Somewhere along the way, there is always that one librarian who seems to be just as excited—if not more—than you or the other patrons about the pursuit and sharing of knowledge and information. Annie Adamson, a librarian of Caldwell Public Library, is one such enthusiastic—and enthusing—example.
Annie’s passion for learning and sharing what she has learned was first parlayed into education. After several years spent splitting her time between teaching English as a Second Language (ESL) in middle school and working as a part-time librarian at Parma Public Library, she returned to higher education to pursue a teaching degree. From there, she took her current job as a System Administrator/Teen Young Adult Librarian/Reference Clerk at Caldwell Public Library in Caldwell, Idaho.
Annie is the quintessential example of a lifelong learner. To keep herself up-to-date, she attends sessions offered by the Idaho Library Association and the Bibliographic Center for Research (BCR), a nonprofit, multi-state library cooperative that has provided library and information services since 1935. Annie’s recent training in Boise, which included such topics as podcasting and Wikipedia, has been supplemented with Webinars and online courses.
Annie also has another critical information resource. Caldwell Public Library is one of nine libraries included in the LYNX! The consortium, which has an Open Access agreement that allows materials to be shared among partner libraries. Members also meet regularly and are part of a listserv through which they discuss IT issues. According to Annie, members help each other keep informed on the “latest and greatest.” If a problem or question should arise, she says, there is undoubtedly someone else in the Consortium who has experienced that same issue. For example, because Caldwell Library was the first in the Consortium to take on the Microsoft Shared Toolkit—now SteadyState—Annie was able to answer other librarian’s questions when their libraries followed suit.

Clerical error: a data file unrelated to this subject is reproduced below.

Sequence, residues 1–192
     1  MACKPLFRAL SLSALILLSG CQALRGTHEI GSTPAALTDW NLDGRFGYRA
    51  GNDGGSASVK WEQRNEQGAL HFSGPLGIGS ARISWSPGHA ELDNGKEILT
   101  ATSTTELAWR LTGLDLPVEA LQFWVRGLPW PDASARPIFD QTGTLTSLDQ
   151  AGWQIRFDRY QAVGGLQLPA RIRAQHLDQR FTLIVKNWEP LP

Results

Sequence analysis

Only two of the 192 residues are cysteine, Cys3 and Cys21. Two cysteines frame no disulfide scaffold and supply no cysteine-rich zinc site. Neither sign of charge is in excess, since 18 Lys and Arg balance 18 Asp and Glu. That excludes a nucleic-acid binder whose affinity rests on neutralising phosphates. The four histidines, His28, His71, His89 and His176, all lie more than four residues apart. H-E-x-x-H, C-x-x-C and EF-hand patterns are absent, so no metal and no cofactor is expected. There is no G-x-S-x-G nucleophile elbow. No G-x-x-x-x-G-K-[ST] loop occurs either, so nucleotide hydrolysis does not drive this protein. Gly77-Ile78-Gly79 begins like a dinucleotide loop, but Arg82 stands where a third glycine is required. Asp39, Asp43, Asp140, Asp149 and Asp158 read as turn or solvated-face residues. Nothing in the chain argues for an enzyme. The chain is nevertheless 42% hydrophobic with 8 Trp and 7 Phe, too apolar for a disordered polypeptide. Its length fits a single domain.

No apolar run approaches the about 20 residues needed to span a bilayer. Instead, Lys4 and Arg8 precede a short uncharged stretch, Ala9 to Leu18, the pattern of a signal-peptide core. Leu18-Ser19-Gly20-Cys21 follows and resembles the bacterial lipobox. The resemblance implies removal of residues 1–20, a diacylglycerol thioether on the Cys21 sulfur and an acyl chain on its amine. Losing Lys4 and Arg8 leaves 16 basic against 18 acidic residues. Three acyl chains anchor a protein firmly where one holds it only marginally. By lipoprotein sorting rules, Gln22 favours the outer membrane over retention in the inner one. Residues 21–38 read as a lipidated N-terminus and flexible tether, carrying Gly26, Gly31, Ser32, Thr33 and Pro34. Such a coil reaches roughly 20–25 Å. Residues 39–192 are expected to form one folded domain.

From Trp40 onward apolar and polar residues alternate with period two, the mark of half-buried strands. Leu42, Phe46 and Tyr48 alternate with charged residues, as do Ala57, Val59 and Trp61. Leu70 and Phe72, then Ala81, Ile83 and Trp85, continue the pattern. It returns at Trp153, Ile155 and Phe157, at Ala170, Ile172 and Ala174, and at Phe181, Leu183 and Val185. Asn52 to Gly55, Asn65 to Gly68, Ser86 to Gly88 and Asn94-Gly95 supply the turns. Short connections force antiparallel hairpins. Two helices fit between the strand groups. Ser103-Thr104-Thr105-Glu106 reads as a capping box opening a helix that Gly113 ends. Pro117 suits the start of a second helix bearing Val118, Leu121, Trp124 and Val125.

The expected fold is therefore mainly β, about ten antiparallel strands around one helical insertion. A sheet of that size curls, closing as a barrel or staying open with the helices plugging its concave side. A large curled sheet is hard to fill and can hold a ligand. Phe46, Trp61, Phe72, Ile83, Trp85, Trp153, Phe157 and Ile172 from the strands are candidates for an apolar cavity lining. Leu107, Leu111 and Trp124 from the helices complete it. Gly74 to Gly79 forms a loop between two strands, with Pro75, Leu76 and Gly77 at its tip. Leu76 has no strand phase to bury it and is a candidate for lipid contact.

Annie’s current position has also enabled her to make use of her experience and love for teaching. Back in August 2000, as part of Caldwell Library’s grant from the Bill and Melinda Gates Foundation, a trainer visited the library to set up the computers and wire it for Internet access. Annie counts her experience with the trainer as the impetus that sparked her love of computers. “She let me help her, which was so cool. That’s really what started me in loving the computers so much.”
She has learned quite a bit since then while conducting staff and patron training in her library. One new bit of information she gleaned is that the best time to offer public classes is in January because many people receive new computers for the holidays and are eager to learn how to use them.
Many of Annie’s students are senior citizens, eager to learn e-mail and other programs, like Microsoft Word. Annie shared the excitement she feels when she recognizes that “gleam and spark in their eyes” when they figure something out. One intrepid 78-year-old participant called Annie with some questions after returning home from a class. Unable to help him over the phone, he returned to the library with his laptop in tow, and Annie set to work to help him. When they were done, Annie explains, the man was so excited and so happy that he had tears in his eyes. She is humble about the experience, sharing, “I just have a passion to help people learn.”
Annie has also learned a great deal from her teen patrons, “who are willing to teach this old dog some new tricks,” such as “You Tube and other newer sites.” Annie explains that she tries to impart some of her knowledge to the teens every once in a while, but, she adds with a laugh, “they sometimes know more than me.”
Annie also contributes to staff training. The latest staff training event, held in October, focused on NetLibrary. Annie created a curriculum for training, showed staff the new databases that have gone online, and fielded her coworkers’ questions and problems. Annie offered that she and the Head Reference Librarian complement one another; while her colleague “goes to books to find the answers, [she goes] electronically.”
Annie is one of those lucky individuals who has managed to merge two of her passions. She explains, “I love teaching and I do love my library job as well. It’s so cool because what I can do here at Caldwell is both of them. I can teach computer classes and still be a librarian.”